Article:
An official inauguration of Creighton University School of Law’s poverty law program took place on Oct. 23 with an event co-sponsored by Legal Aid of Nebraska.
Alex Kotlowitz, a journalist and national best-selling author, kicked off the event with a lecture at Creighton University’s Mike & Josie Harper Center auditorium.
In “The Things They Carry: Growing Up Poor in the World’s Richest Nation,” Kotlowitz spoke to the myths we hold of those struggling along the margins.
While the event gave practicing attorneys in attendance one hour of continuing legal education (CLE) credit, it also served as a platform to educate current Creighton law students about this unique program.
Kotlowitz, a former staff writer at The Wall Street Journal, has spent much of the last 35 years telling stories of those who have little left to lose, those who understand better than most the deep economic divide in this country. Like so many who pursue a career in the law, he holds the fundamental yet threatened notion that life ought to be fair.
Kotlowitz has long been a regular contributor to The New York Times Magazine and public radio’s This American Life. He is the author of three books, including the national bestseller There Are No Children Here, which the New York Public Library selected as one of the 150 most important books of the 20th century. It received the Helen Bernstein Award, the Carl Sandburg Award and a Christopher Award, and was adapted as a television movie produced by and starring Oprah Winfrey. It was selected as a Notable Book of the Year by The New York Times.
Kotlowitz underscored why it’s so essential that we work to ensure that life indeed is fair and why narrative or storytelling, especially in the law, is such an essential tool in getting there.
The family of Robert P. Heaney, BS’47, MD’51, presented Creighton University School of Law with funding in spring 2016 to establish the poverty law program. His daughter, Marian, or “Muirne” as she’s known, is a managing attorney at Legal Aid of Nebraska and a 1983 alumna of Creighton’s law school.
This gift expands the poverty law program to help those with limited means—some of the most vulnerable members of society—by educating Creighton law students about the legal, political and social challenges facing those living in poverty. The fund promotes student participation in three forms:
- First, 10 scholarships to cover half the tuition cost of enrolling in the three-credit Poverty Law Survey Course.
- Second, up to six scholarships/stipends to cover the tuition cost of enrolling in the three-credit civil poverty law externship.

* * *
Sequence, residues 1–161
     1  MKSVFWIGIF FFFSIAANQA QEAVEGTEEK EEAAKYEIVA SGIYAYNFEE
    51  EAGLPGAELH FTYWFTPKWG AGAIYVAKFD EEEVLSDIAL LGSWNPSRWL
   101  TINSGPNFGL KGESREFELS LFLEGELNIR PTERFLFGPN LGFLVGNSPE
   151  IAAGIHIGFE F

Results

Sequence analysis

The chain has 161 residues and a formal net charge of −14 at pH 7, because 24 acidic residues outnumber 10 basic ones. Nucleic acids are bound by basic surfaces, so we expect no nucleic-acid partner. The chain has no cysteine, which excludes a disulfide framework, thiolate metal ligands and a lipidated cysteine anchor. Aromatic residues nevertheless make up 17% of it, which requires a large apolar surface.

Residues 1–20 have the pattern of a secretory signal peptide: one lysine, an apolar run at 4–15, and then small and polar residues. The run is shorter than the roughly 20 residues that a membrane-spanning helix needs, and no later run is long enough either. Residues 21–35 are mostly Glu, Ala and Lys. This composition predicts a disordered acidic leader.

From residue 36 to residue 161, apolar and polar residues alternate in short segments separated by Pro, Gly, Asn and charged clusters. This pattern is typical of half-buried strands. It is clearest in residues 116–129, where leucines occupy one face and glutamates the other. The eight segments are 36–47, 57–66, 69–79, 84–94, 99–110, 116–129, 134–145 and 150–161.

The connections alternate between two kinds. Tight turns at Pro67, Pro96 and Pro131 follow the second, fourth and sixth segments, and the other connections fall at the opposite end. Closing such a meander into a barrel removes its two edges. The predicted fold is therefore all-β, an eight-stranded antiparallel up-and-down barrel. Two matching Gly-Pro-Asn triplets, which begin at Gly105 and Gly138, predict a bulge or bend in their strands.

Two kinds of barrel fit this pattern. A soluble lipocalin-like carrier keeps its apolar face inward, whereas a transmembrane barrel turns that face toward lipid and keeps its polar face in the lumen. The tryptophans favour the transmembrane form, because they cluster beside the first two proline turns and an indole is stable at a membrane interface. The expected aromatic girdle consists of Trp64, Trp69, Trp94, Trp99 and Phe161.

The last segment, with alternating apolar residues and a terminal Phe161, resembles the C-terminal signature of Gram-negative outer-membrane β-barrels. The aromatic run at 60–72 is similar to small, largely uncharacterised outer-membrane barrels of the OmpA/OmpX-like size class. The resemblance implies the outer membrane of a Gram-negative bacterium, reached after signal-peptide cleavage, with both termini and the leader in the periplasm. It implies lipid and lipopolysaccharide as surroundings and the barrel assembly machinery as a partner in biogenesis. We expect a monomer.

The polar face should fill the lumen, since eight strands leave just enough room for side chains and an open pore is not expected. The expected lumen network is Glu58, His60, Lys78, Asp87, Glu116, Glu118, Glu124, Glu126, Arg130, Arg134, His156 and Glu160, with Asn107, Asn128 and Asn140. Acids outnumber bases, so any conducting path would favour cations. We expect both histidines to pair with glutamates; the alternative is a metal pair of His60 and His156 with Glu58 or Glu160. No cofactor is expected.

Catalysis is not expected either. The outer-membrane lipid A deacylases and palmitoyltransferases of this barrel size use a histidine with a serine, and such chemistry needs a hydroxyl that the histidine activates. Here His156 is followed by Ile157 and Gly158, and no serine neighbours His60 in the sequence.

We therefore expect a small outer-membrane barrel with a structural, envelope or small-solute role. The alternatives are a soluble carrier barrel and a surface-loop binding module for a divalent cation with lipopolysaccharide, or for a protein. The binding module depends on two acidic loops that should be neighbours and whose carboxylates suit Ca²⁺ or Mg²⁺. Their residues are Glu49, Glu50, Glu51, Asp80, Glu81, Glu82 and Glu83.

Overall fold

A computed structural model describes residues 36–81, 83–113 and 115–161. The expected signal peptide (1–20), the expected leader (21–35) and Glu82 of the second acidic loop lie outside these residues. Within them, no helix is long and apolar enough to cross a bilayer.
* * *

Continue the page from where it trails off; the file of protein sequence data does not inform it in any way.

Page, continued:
- Third, two years of post-graduation loan repayment assistance for any student who completes both poverty law courses and practices poverty law after graduation.
During the 2016-17 academic year, four students received scholarships toward coursework and one received the scholarship to complete an externship. This academic year, third-year law student Katelyn Lawrence of Columbus, Nebraska, is the recipient of the scholarship to complete an externship, and she was one of the students who received one last year toward coursework.
Lawrence recently spoke about her interest in poverty law and what it means to her to be a recipient of this scholarship.
What inspired you to pursue this scholarship?
During the summer of my first year of law school, I worked for the Colfax County attorney and was exposed to a number of people who needed legal assistance but due to the cost, could not afford legal help. It was during this time I wanted to better understand the intricacies of poverty law, applications to Social Security, Medicaid, welfare benefits and more and why people struggled so much.
What course did you take at Creighton on the scholarship?
I took poverty law, which is taught by adjunct faculty member Ann Mangiameli, JD’91, manager of the health, education and law project at Legal Aid of Nebraska. She is also my supervisor during my externship right now.
What are you working on at your externship at Legal Aid of Nebraska?
I’m working alongside Ann Mangiameli, as well as with Jayne Wagner, JD’14, a staff attorney. These two women have had me working on multiple different projects, such as drafting wills, powers of attorney and health care powers of attorney. I have also worked on guardianships, applications to Medicaid and Social Security, housing issues with the Omaha Housing Association, motions for default and a trial letter. I have also gotten my senior certification* and have made appearances in the courtroom under Jayne, my supervising attorney. [*The Nebraska Supreme Court’s Senior Law Student Practice Rules, Neb. Ct. R. §§ 3-701–3-706, allow Clinic students to participate in legal activities under the general supervision of a Nebraska-licensed attorney.]
Do you plan on making a career in poverty law after graduating with your juris doctorate in 2018?
Yes, though not necessarily in Omaha. I really want to return to rural areas in Nebraska, not only because people there struggle to afford attorneys, but there is also a shortage of attorneys there. In some counties in Nebraska, there are only three attorneys per 20,000 people or more. My dream job would be working in a satellite office or hospital for Legal Aid of Nebraska.
Do you know a student interested in poverty law who might be a good candidate for this scholarship? Criteria: Recipients must be second- or third-year law students at Creighton University School of Law and must complete in-house application forms. Email emilybeller [at] creighton [dot] edu (Emily Beller), assistant dean of student affairs and special projects, for more information.